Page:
On the heels of substantial increases in payouts for 2017, CD Baby has once again announced a sharp uptick in money paid to member artists. Payouts totaled “well over $100 million” according to an announcement on the CD Baby website. What does this mean to indie artists? Does it mean anything to their supporters?
If you’re a fan, it means you may end up with a collectible. The niche artist of today could be the breakout artist of tomorrow. Fans of indie artists tend to seek physical CDs at performances.
If you’re an artist, it means that with a little bit of elbow grease applied to growing your support base, you might be able to get an uptick in your own mailbox money. If gigs are your only source of income, you are in for a rough ride unless you’ve won a Grammy.
Billboard covered CD Baby’s announcement, including these impressive stats:
“The nine-figure milestone represents a 25 percent increase over 2017, when CD Baby paid out $80.1 million — itself a 33 percent bump from 2016. According to the company’s statistics, it distributes 750,000 artists and more than 9 million tracks and publishes 170,000 songwriters and over 1 million individual songs, representing artists in more than 200 territories across the globe.”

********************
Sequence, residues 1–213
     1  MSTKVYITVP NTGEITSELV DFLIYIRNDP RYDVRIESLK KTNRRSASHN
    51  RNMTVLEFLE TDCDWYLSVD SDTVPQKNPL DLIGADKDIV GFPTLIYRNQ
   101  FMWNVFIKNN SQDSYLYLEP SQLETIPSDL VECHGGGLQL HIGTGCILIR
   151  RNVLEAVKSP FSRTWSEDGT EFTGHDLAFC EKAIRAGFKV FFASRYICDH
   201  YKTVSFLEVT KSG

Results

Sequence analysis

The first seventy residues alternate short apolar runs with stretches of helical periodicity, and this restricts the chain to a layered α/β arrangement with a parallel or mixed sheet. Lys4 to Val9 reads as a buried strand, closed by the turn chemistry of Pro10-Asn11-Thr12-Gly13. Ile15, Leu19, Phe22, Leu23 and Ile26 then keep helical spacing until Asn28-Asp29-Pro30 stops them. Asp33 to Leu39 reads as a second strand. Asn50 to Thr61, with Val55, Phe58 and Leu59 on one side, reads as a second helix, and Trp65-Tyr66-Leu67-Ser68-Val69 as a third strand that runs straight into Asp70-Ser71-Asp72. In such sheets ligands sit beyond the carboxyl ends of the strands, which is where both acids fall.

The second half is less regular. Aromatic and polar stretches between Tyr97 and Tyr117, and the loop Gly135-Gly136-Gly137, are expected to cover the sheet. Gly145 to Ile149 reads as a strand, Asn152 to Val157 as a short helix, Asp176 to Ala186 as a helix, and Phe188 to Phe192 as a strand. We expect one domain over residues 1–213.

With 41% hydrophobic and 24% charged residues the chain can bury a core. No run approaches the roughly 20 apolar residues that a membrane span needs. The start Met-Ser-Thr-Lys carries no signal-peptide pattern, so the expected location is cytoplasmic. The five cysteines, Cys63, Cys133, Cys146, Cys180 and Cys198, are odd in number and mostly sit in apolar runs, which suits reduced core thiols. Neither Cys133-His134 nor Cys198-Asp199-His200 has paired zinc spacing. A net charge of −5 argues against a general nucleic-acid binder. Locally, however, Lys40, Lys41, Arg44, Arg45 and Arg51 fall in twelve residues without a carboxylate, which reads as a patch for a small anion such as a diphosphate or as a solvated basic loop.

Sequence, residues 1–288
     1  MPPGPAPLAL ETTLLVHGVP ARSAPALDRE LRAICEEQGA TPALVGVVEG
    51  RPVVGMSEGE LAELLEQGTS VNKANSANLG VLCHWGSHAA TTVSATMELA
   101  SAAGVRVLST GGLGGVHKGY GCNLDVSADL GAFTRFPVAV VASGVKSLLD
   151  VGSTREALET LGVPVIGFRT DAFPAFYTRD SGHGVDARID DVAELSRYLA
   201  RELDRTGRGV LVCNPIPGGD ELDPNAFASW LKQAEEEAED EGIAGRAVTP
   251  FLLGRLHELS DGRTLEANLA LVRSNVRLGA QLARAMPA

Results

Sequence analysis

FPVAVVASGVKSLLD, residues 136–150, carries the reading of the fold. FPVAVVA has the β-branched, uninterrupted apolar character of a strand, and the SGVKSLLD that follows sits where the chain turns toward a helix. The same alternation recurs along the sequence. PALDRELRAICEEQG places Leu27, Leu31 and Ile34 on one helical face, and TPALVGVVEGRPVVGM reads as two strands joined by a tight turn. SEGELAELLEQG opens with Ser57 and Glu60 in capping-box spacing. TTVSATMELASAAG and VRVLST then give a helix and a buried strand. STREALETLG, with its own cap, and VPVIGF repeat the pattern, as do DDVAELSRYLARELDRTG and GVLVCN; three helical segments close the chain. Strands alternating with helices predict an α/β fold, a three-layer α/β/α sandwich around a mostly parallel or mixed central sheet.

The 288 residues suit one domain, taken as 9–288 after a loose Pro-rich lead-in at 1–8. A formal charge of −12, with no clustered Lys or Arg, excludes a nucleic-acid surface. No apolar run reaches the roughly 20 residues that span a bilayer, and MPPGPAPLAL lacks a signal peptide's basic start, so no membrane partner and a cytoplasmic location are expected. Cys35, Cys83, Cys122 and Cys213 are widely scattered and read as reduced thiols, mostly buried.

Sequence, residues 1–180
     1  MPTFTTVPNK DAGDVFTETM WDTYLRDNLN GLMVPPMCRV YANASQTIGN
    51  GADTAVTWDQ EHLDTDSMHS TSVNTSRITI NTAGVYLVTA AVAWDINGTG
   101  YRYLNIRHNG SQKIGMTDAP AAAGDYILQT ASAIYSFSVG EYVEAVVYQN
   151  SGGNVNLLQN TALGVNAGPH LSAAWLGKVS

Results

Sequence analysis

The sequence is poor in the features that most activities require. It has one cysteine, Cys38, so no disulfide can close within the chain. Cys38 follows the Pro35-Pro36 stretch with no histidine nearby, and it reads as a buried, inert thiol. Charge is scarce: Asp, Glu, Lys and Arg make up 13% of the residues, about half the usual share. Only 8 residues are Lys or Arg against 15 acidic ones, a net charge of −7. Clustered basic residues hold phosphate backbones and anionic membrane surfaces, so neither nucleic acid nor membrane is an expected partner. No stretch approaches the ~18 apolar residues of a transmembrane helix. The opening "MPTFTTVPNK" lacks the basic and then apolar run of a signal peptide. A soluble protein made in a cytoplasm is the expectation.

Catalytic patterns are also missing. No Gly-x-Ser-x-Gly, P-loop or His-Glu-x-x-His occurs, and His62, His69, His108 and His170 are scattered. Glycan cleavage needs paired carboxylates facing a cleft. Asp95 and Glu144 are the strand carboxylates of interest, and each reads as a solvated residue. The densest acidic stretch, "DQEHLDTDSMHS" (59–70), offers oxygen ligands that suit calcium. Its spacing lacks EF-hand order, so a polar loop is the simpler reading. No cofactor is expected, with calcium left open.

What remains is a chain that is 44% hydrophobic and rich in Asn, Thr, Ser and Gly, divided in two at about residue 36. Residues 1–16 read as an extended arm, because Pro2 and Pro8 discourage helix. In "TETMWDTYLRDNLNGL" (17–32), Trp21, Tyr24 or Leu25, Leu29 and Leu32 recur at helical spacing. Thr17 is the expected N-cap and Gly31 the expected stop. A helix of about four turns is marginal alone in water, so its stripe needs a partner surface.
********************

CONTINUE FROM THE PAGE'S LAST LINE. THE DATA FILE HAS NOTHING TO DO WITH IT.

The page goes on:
The Crazy Daysies’ music is distributed by CD Baby (and others). I asked Rebecca what she thought about the company, and she said, “I can’t say enough good things about CD Baby.” She maintains a CD Baby Pro membership. Rebecca also attended a CD Baby conference, and she found it extremely helpful.
CD Baby’s announcement included some very positive news for the future:
“[W]e’re expecting to pay out even more for the coming year as we open up new opportunities and expand existing ways of “monetizing” music.”
~~Ed. Note: No rewards, benefits, or payola are derived from positive comments made about CD Baby in this article.
(Kay B. Day/Jan. 9, 2019)